Should I Buy or Lease a Car?
- August 17, 2021
- By: Roxanne Alexander
After buying a home, one of the next major purchase decisions (and expense) is a car. The latest headlines and recent article in the Wall Street Journal “Buying a Car Now Is Brutal—New or Used. Read This First” (linked below) states how the market for cars has been turned upside down due to lack of inventory and parts availability and the transaction price of used cars is up 24% from June 2020. With minimal deals to be had, buying a car now appears to be more challenging than it was in the past.
Whether to lease or buy can depend on your circumstances and preferences. I made a rough calculation a few years ago while having a discussion with a coworker (assuming the car market is behaving normally) and the conclusion was if you bought or leased the exact same car, you would have roughly spent around the same amount after the first three years, assuming there is an opportunity cost to buying a car for cash outright. Depreciation decreases the value the longer you keep the car, so one way to save on a car is to buy a two- to three-year-old car that has taken the initial depreciation hit, keep it for seven to ten years, and hope the repairs are not expensive.
Things to Consider When Buying a Car
Do you want to pay cash or finance?
Depending on interest rates, it may make sense to pay cash if you have sufficient cash available. If you have $50K sitting in cash earning 1% but your loan would be at 6%, it may make financial sense to pay cash. If the $50K is all you have in emergency savings, you may not want to tie up funds in a depreciating asset and prefer to go the finance route, especially if you are still working. Another consideration would be the probability of you replacing that $50K with new savings once it has been used to buy the car. Some people psychologically have a harder time paying themselves back than paying the bank. Interest rates for new cars are usually cheaper than for used cars and often the dealer may offer very low-interest financing. If your $50K is invested in the equity market and you expect a 7% return or more over time (although the market can go either way), you may prefer to finance and leave your money to grow. Another important aspect for retired clients is if your money is all in an IRA or other retirement account — taking out a $50K lump sum to buy a car may actually be a $70K withdrawal once you factor in taxes and may push you into a higher tax bracket for that year.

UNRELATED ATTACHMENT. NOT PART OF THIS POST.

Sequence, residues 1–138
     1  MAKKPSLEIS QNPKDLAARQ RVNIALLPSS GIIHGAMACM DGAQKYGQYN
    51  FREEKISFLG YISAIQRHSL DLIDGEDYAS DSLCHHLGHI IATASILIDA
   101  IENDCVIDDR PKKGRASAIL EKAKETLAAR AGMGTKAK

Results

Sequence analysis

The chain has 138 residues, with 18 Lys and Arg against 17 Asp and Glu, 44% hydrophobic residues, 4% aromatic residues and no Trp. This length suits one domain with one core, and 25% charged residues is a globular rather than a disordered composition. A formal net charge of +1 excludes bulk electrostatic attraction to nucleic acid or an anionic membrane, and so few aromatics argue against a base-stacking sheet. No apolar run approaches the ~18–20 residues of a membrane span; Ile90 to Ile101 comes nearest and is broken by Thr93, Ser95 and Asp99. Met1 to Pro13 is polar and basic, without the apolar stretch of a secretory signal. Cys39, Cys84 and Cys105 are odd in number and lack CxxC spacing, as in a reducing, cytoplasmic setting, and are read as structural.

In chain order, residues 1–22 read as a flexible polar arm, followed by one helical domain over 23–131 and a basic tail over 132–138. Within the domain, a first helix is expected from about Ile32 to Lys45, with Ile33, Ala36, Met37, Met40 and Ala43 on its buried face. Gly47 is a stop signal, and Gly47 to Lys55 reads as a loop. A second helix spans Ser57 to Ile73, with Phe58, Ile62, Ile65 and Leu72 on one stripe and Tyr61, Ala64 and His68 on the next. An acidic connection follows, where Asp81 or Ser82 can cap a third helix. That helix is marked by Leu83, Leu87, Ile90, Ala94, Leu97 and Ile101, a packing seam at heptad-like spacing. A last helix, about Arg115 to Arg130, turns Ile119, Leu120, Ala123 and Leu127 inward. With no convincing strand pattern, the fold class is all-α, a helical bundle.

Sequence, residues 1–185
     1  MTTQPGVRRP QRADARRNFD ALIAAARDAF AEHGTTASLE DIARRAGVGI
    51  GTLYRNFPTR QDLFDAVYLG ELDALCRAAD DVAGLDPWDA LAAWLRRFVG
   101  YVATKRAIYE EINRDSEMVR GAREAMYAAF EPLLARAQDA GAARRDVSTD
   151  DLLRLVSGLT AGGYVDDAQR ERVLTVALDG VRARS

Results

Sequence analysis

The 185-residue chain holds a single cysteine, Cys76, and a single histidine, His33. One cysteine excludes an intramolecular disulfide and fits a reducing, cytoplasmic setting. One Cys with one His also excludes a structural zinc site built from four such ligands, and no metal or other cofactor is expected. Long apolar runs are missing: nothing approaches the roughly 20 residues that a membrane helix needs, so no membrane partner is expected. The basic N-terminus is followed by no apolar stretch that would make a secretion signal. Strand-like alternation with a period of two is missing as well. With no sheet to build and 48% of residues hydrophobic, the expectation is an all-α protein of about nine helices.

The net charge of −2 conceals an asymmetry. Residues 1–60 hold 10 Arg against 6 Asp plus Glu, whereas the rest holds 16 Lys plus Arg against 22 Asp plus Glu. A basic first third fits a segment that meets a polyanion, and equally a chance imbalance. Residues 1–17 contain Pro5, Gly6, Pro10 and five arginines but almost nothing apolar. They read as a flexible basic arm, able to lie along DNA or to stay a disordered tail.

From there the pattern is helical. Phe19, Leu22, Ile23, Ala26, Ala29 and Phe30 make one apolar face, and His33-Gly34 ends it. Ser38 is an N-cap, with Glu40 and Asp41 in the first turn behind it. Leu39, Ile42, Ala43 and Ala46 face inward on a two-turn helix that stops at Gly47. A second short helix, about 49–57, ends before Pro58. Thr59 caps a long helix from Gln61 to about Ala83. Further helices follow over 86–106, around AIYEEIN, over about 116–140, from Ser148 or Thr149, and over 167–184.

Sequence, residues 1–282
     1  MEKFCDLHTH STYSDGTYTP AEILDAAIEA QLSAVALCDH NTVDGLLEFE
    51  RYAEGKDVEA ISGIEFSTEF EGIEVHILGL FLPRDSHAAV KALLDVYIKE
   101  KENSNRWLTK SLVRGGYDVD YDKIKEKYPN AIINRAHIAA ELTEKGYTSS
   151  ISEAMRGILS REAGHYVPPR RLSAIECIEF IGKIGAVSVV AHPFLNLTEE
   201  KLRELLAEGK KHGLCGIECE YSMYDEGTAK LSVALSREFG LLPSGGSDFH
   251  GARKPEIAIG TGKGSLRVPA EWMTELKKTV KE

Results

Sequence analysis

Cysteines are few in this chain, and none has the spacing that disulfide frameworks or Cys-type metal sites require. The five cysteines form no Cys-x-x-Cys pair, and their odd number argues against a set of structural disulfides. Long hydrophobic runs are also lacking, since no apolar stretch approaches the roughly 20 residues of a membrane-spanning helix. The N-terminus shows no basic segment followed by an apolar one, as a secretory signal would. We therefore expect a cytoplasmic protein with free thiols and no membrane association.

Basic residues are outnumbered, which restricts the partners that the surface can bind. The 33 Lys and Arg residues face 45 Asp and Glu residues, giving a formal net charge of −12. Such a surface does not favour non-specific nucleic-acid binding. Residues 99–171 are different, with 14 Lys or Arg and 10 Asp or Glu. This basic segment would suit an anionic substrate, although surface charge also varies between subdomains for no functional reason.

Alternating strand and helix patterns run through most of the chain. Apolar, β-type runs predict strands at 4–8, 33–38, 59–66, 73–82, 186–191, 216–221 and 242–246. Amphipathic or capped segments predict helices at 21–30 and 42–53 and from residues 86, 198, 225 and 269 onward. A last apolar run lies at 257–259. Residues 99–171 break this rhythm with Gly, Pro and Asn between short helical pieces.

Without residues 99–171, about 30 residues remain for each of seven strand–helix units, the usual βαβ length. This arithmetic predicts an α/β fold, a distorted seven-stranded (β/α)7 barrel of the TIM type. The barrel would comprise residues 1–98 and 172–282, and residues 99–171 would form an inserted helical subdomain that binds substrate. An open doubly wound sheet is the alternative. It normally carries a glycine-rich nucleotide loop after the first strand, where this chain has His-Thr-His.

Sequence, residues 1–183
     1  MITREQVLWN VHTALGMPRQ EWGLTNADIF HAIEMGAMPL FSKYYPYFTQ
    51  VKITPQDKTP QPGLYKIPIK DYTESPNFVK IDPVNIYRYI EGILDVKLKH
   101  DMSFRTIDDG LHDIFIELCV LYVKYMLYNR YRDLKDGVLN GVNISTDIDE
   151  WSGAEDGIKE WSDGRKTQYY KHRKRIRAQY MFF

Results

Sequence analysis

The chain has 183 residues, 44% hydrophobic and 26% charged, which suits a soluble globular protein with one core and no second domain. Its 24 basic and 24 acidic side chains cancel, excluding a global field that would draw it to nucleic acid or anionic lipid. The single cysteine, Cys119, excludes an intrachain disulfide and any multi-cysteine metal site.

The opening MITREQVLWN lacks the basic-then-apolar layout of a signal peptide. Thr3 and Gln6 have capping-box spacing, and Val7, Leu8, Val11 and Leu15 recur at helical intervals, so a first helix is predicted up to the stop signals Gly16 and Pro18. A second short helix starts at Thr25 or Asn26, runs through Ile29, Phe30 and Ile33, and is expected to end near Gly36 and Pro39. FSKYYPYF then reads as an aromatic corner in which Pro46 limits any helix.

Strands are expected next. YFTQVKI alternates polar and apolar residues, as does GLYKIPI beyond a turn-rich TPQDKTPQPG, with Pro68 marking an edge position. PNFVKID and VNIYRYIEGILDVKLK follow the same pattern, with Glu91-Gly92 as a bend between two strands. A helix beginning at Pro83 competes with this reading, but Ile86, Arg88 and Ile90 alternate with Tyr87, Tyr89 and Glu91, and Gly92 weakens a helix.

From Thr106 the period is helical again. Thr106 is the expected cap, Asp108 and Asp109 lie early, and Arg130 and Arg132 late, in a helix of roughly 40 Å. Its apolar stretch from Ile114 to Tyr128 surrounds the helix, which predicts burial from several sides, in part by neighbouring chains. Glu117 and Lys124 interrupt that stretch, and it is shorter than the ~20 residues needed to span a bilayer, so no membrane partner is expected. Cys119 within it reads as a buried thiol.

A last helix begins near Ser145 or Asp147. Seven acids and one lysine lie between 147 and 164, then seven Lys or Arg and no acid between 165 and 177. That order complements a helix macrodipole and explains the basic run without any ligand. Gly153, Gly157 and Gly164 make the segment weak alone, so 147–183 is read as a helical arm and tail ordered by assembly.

Maintenance and Depreciation Costs
If you are buying a car, you would want to check into what is covered under warranty and for how long. Anything not covered would be your responsibility and an extra expense. Some warranties on new cars are not worth the paper they are printed on (expensive mechanical systems that tend to give trouble are sometimes not covered) and often the dealer will try and talk you into purchasing an extended warranty.
Another point to consider is if you have an accident with a car you own when you try to resell it you are going to get a lower value for it. Some insurance policies offer coverage for this possibility. Before choosing a car, check out resale values for that type of car so when you are ready to sell, you will have an idea of the future valuation. In order to get a sense of how much a car costs, TrueCar.com or Edmunds.com are great tools. True Car aggregates all the new or used cars in the area based upon factors you determine (make, year, model, etc.).